Colder, drier places on Earth usually have higher air pressure, while warmer, more humid places usually have lower air pressure. This happens because large areas of air move up or down by convection. Air pressure also often changes over time, as low and high pressure systems change locations. These phenomena will be discussed when we learn about weather.

Lesson Summary[edit | edit source]

  • Without its atmosphere, Earth would be a very different planet. Gases in the atmosphere allow plants to photosynthesize and animals and plants to engage in respiration.
  • Water vapor, which is an atmospheric gas, is an essential part of the water cycle.
  • All weather takes place in the atmosphere.
  • While the amount of gases do not vary relative to each other in the atmosphere, there is one exception: the ozone layer. Ozone in the upper atmosphere protects life from the Sun's high-energy ultraviolet radiation.
  • Air pressure varies with altitude, temperature and location.

Review Questions[edit | edit source]

  1. What gas is used and what gas is created during photosynthesis? What gas is used and what gas is created during respiration?
  2. Describe two reasons why photosynthesis is important.
  3. Briefly describe the movement of water through the water cycle.
  4. What is evapotranspiration?
  5. What will happen if the humidity of the atmosphere increases?
  6. Is weathering more effective in a humid or a dry climate?
  7. On an unusual February day in Portland, Oregon, the temperature is 18°C (65°F) and it is dry and sunny. The winter climate in Portland is usually chilly and rainy. How could you explain a warm, dry day in Portland in winter?
  8. What important role do greenhouse gases play in the atmosphere?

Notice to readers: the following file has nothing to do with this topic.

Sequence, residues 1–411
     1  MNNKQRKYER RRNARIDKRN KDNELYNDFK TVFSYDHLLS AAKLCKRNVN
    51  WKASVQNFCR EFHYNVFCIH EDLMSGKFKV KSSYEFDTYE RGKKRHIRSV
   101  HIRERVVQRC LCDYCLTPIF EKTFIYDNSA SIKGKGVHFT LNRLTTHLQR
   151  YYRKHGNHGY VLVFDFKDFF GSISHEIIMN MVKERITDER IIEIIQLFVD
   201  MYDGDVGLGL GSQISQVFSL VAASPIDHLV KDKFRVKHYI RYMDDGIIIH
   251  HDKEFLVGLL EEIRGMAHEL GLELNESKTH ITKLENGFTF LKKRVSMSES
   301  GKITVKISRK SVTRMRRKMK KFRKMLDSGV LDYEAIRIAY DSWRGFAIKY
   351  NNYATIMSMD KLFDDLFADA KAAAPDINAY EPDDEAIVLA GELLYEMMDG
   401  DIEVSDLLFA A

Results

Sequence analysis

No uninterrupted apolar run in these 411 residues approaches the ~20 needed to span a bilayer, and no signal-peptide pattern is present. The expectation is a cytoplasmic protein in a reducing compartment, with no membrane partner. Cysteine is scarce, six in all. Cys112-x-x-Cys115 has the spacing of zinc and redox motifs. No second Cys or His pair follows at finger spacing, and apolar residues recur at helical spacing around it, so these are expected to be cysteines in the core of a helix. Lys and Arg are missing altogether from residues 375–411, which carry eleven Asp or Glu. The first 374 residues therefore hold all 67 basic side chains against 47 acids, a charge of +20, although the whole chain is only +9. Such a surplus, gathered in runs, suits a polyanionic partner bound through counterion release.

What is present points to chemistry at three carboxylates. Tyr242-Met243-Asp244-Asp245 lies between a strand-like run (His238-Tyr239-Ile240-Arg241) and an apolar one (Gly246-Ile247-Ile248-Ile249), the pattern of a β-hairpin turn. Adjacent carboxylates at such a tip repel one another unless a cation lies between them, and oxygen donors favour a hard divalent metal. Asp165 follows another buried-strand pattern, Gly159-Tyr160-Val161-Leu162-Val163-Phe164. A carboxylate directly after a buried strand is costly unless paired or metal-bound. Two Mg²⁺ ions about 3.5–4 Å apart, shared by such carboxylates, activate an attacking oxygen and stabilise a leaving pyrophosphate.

9. Why do your ears pop when you are in an airplane and the plane descends for a landing?
  10. If air pressure at sea level is one ton and at 5,500 m (18,000 feet) is one-half ton, what is air pressure at 11,000 m (36,000 feet)?

Vocabulary[edit | edit source]

air pressure
The force of air pressing on a given area.
Distance above sea level.
The long-term average of weather.
Changes state from a gas to a liquid; in the case of water, from water vapor to liquid water.
The change in state of a substance from a liquid to a gas; in the case of water, from liquid water to water vapor.
Water loss by plants to the atmosphere.
greenhouse gases
Gases that trap heat in the atmosphere; these include water vapor, carbon dioxide, methane and ozone.
Fresh water found beneath the ground surface.
The amount of water vapor held in the air; usually refers to relative humidity, meaning the amount of water the air holds relative to the total amount it could hold.
noble gases
Gases that usually do not react chemically and have no color, taste, or odor; these are helium, neon, argon, xenon and krypton.
A molecule made of three oxygen atoms; ozone in the lower atmosphere is a pollutant, but in the upper atmosphere it filters out the sun’s most harmful ultraviolet radiation.
The process in which plants produce simple sugars (food energy) from solar energy; the process of photosynthesis changes carbon dioxide to oxygen.
Condensed moisture including rain, sleet, hail, snow, frost or dew.
The process in which animals and plants use oxygen and produce carbon dioxide; in respiration, organisms convert sugar into food energy they can use.
water vapor
The gas form of water.
The temporary state of the atmosphere in a region; the weather in a location depends on the air temperature, humidity, precipitation, wind and other features of the atmosphere.

Points to Consider[edit | edit source]

  • How would Earth be different if it did not have an atmosphere?
  • What are the most important components of the atmosphere?
  • How does the atmosphere vary with altitude?

Earth's Atmosphere · Atmospheric Layers